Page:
Freemasonry is a fraternal organization that arose from obscure origins in the late 16th to early 17th century. Freemasonry now exists in various forms all over the world, with a membership estimated at around 5 million (including around 480,000 in England, Scotland and Ireland alone, and just under two million in the United States). The various forms all share moral and metaphysical ideals, which include, in most cases, a constitutional declaration of belief in a Supreme Being. The fraternity is administratively organized into Grand Lodges (or sometimes Orients), each of which governs its own jurisdiction, which consists of subordinate (or constituent) Lodges. Grand Lodges recognize each other through a process of landmarks and regularity. There are also appendant bodies, which are organizations related to the main branch of Freemasonry, but with their own independent administration. Freemasonry uses the metaphors of operative stonemasons’ tools and implements, against the allegorical backdrop of the building of King Solomon’s Temple, to convey what has been described by both Masons and critics as “a system of morality veiled in allegory and illustrated by symbols.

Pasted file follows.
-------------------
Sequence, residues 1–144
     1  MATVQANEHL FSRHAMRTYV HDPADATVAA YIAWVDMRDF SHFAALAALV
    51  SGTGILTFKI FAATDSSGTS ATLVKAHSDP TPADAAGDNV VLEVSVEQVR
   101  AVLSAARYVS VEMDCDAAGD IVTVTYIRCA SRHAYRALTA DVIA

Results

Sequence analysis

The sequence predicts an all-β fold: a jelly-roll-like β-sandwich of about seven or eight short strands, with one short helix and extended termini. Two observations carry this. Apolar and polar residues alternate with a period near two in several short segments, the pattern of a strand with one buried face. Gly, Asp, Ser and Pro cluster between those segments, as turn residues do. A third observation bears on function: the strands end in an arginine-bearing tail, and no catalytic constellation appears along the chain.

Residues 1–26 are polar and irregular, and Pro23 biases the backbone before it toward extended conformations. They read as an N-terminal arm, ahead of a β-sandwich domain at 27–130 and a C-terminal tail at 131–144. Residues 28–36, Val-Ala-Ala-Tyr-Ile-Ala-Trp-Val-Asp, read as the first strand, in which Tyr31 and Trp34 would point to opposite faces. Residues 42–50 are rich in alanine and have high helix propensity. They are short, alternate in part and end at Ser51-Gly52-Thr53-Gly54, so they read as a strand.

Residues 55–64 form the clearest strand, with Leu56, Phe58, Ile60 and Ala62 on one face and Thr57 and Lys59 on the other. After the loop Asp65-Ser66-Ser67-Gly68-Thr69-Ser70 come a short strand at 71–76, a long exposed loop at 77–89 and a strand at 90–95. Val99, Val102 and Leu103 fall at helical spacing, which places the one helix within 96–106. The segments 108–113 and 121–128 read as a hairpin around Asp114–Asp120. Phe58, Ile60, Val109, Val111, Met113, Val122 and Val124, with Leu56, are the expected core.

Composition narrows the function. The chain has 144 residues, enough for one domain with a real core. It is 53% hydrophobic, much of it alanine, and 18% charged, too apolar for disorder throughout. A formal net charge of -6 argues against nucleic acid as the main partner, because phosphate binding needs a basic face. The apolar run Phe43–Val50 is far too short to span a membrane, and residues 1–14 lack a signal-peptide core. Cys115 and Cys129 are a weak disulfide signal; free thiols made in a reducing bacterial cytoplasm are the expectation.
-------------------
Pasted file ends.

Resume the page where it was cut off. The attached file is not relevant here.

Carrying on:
On March 6, 1775, Prince Hall and 14 men of color were made masons in Lodge #441 of the Irish Registry attached to the 38th British Foot Infantry at Castle William Island in Boston Harbor, Massachusetts. It marked the first time that Black men were made masons in America. About a year later, since the conflict between England and America had commenced, the British Foot Infantry left Boston, along with its lodge, leaving Prince Hall and his associates without a lodge. Before the lodge left, Worshipful Master Batt, gave them a “permit” to meet as a lodge and bury their dead in manner and form. This permit, however, did not allow them to do any “masonic work” or to take in any new members. Under it, African Lodge was organized on July 3, 1776, with Prince Hall as the worshipful master. It wasn’t long before this lodge received an additional “permit” from Provincial Grand Master John Rowe to walk in procession on St. John’s Day. On March 2, 1784, African Lodge #1 petitioned the Grand Lodge of England, the Premier or Mother Grand Lodge of the world, for a warrant (or charter), to organize a regular masonic lodge, with all the rights and privileges thereunto prescribed. The Grand Lodge of England issued a charter on September 29, 1784 to African Lodge #459, the first lodge of Blacks in America. African Lodge #459 grew and prospered to such a degree that Worshipful Master Prince Hall was appointed a Provincial Grand Master, in 1791, and out of this grew the first Black Provincial Grand Lodge. In 1797 he organized a lodge in Philadelphia and one in Rhode Island. These lodges were designated to work under the charter of African Lodge #459. In December 1808, one year after the death of Prince Hall, African Lodge #459 (Boston), African Lodge #459 (Philadelphia) and Hiram Lodge #3 (Providence) met in a general assembly of the craft and organized African Grand Lodge (sometime referred to as African Grand Lodge #I). In 1847, out of respect for their founding father and first Grand Master, Prince Hall, they changed their name to the Prince Hall Grand Lodge, the name it carries today. In 1848 Union Lodge #2, Rising Sons of St. John #3 and Celestial Lodge #4 became the first lodges organized under the name Prince Hall Grand Lodge. From these beginnings, there now are some 5,000 lodges and 47 grand lodges who trace their lineage to the Prince Hall Grand Lodge, Jurisdiction of Massachusetts.